WASHINGTON, DC – U.S. Senator Richard Blumenthal (D-Conn.) today released the following statement in response to the New York Times exposé on the National Highway Traffic Safety Administration’s (NHTSA) repeated delays in investigating and recalling defective cars, and to the progress report released by Kenneth Feinberg on claims allowed by the General Motors (GM) compensation fund:
“The New York Times investigative piece emphasizes how systemic and deep-seated NHTSA’s failings have become – and how urgently the agency needs comprehensive reform. NHTSA apparently has earned five flameout stars for failure. Its failure to protect against defective cars has likely led to entirely preventable injuries and deaths. This supposed watchdog agency has shown neither bark nor bite. NHTSA has left consumers at the mercy of auto manufacturers more focused on protecting their bottom line than ensuring that their cars are safe. NHTSA’s ratings system – an apparent service to the auto industry – has given consumers a false sense of security. I look forward to questioning Acting NHTSA Administrator David Friedman when he appears before the Senate Commerce Subcommittee on Consumer Protection tomorrow – and seeking some real answers as to why the agency repeatedly failed to open necessary investigations.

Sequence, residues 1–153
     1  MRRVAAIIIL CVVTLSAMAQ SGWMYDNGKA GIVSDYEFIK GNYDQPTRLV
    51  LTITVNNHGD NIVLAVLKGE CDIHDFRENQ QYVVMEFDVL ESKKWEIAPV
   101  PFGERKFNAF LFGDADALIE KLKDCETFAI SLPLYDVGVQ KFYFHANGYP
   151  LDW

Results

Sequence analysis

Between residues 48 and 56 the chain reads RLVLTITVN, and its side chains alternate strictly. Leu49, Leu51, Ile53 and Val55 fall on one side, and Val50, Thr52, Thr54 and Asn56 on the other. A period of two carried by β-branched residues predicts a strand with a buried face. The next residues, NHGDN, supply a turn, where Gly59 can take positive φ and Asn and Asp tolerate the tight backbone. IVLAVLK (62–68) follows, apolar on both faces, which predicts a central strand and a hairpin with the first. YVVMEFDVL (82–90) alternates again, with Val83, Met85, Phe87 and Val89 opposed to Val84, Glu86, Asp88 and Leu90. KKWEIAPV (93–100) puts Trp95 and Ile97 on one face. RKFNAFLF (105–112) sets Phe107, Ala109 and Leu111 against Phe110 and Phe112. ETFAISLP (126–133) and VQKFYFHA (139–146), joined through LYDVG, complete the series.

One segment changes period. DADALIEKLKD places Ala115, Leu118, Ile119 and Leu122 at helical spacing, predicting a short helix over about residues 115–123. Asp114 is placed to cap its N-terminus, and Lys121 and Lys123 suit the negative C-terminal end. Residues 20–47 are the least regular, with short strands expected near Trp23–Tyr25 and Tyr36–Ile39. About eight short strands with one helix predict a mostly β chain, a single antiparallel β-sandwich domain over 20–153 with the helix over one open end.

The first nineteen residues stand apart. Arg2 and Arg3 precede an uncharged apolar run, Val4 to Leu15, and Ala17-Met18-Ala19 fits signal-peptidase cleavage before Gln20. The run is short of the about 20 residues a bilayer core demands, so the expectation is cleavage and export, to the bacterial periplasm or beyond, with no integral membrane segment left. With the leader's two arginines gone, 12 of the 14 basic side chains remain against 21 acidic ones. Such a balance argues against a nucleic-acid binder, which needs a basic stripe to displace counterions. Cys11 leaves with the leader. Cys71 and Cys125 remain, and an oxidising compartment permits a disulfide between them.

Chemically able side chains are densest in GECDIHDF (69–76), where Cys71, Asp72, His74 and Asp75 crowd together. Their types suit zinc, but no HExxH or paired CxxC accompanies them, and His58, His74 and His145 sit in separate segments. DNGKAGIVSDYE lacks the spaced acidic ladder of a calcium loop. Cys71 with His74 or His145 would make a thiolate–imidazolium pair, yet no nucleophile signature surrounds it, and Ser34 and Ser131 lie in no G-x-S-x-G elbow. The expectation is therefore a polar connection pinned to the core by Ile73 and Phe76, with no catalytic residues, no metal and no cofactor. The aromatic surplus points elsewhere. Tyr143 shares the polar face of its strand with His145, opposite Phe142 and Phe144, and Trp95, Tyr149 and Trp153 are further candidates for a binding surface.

“The interim report released today by Kenneth Feinberg confirms, tragically, my repeated warnings that the number of deaths caused by GM’s concealed ignition defects is likely to be far higher than the 13 that the company acknowledged. This news only emphasizes the severity of the company’s safety lapses and the continuing urgency of rapid repairs to these defective vehicles, many of which remain on the road. I reiterate my call on GM to issue clear guidance instructing customers to ground these cars until they can be fixed – and to make good on CEO Mary Barra’s promise to have sufficient repair parts available by October.”